In sciatica, the pain stars from the lower back and radiates to hip, thigh, leg and feet. There is sensory and motor loss across the leg.


  • X-rays
  • CT scans

Allopathic treatment

There is no solution in Allopathic system of medicine to reverse the process of spondylosis as it is a degenerative process. The basic treatment of spondylosis is aimed at the treating neck-pain and back-pain, which are due to spondylosis. Hence, the treatment of spondylosis is similar to the treatment of neck-pain and back-pain.

Available treatments fall into several categories:

  • adjunctive therapies (chiropractics and acupuncture).
  • surgery.
  • medications.
  • minimally invasive procedures such as injections.
  • physical therapy.
  • self-care exercise.

Ayurvedic Treatment

Cervical spondylosis

  • Extension ad flexion exercises are recommended.
  • For weakness and parasthesia in the arms, Ekangveerrasa, one tablet, twice a day is given for seven days.
  • Gentle massage with Vishagarbha taila is helpful in reducing morning stiffness.
  • Mahayograja guggul is the drug of choice of treatment of cervical spondylosis. Two tablets, twice a day, are recommended with hot water.
  • Treatment is best by immobilisation of the neck in flexion in a cervical collar.

Lumber spondylosis

  • The treatment is same as that of cervical spondylosis.
  • Extreme case may require hospital admission.
  • Prasarni-taila is official Ayurvedic remedy for massage in lumbago.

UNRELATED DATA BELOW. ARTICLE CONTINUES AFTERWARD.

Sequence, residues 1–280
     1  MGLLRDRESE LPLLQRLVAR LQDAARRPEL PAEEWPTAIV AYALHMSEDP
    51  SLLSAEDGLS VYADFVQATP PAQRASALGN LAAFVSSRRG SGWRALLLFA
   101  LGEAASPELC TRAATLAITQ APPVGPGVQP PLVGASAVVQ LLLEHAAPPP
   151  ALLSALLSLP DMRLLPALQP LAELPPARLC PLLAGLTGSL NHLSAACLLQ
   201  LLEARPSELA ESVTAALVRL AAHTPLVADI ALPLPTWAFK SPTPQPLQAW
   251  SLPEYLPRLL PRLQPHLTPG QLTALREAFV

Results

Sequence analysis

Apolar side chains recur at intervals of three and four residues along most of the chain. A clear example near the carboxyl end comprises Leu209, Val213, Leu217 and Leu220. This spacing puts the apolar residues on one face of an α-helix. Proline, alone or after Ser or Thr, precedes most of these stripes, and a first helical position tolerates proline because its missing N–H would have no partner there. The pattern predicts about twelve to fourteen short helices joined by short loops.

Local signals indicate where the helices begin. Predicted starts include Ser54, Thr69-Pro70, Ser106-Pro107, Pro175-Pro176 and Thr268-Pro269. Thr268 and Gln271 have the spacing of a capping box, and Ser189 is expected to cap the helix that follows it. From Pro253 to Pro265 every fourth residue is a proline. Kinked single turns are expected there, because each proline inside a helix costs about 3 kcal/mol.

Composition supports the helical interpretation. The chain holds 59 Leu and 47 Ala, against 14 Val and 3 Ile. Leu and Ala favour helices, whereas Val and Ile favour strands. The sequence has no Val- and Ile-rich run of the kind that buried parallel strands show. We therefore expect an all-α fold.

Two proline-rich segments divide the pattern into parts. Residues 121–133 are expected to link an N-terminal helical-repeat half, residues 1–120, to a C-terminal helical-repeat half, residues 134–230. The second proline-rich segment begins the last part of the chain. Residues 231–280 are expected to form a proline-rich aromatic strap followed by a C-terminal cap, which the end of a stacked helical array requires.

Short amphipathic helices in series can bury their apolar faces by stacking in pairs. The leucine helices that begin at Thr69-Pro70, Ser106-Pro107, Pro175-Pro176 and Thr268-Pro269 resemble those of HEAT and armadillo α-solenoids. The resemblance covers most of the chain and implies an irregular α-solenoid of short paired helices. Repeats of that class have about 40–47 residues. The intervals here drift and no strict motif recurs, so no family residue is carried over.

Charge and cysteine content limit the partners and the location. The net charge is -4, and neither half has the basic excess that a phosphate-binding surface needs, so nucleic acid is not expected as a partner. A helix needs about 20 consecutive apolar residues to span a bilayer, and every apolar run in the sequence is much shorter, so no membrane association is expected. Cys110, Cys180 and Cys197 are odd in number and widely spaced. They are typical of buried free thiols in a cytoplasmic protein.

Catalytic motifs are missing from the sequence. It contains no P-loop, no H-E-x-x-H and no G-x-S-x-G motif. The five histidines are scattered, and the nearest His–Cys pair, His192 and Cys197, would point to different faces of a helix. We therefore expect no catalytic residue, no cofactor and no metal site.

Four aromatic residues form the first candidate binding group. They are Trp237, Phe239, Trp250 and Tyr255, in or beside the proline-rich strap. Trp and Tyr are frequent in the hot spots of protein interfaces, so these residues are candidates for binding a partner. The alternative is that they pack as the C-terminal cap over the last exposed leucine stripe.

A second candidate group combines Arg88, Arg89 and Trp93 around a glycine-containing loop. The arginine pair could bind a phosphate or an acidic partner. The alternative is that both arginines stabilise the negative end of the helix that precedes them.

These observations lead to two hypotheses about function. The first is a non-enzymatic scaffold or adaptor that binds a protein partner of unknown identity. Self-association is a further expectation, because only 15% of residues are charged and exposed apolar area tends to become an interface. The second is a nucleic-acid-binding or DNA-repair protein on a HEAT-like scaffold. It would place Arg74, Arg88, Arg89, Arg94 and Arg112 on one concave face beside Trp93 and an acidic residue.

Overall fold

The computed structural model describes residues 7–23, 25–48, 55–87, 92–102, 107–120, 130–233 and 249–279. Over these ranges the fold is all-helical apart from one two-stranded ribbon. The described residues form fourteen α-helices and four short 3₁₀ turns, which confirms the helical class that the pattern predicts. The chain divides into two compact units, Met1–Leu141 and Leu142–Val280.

• Bed rest is of prime importance.


  • Nirgundi is the drug of choice in treating sciatica. Three teaspoonfuls (15 ml) of the decoction, twice a day are helpful in reducing pain.
  • Ajmoda-adi-churana, one teaspoonful (5g), with warm water, thrice a day is effective in treating sciatica.
  • Decoction of Parijata or harsingara is popular remedy for the treatment of sciatica. Six teaspoonfuls (30 ml), of the decoction are valuable in relieving pain.
  • Nirgundi-taila, warmed slightly is used for massage.

Ayurveda Clinical Studies

A total of 119 patients were registered for the study, out of which 102 patients completed the treatment: Group A had 52 patients treated with Nirgundi Ghan Vati and Group B had 50 patients treated with Nirgundi Ghan Vati and Matra Basti. The results show that both treatments had an effect on Gridhrasi. It was noted that there was more relief from signs and symptoms in Group B and concluded that both Nirgundi Ghan Vati and  Matra Basti may contribute in the patient’s recovery at different levels.


Clarke JA, van Tulder MW, Blomberg SE, et al. Traction for low-back pain with or without sciatica. Cochrane Database Syst Rev. 2007 ;( 2):CD003010.

Konstantinou K, Dunn KM (2008) Sciatica: review of epidemiological studies and prevalence estimates. Spine (Phila Pa 1976) 33:2464–2472.

Gibson JNA, Waddell G (2007) surgical interventions for lumbar disc prolapse. Cochrane Database of Systematic Reviews CD001350.

Frymoyer JW Back pain and sciatica. N Engl J Med 1988; 318:291-300.

Ali M, Shukla VD, Dave AR, Bhatt NN. A clinical study of Nirgundi Ghana Vati and Matra Basti in the management of Gridhrasi with special reference to sciatica. Ayu 2010; 31(4): 456–460.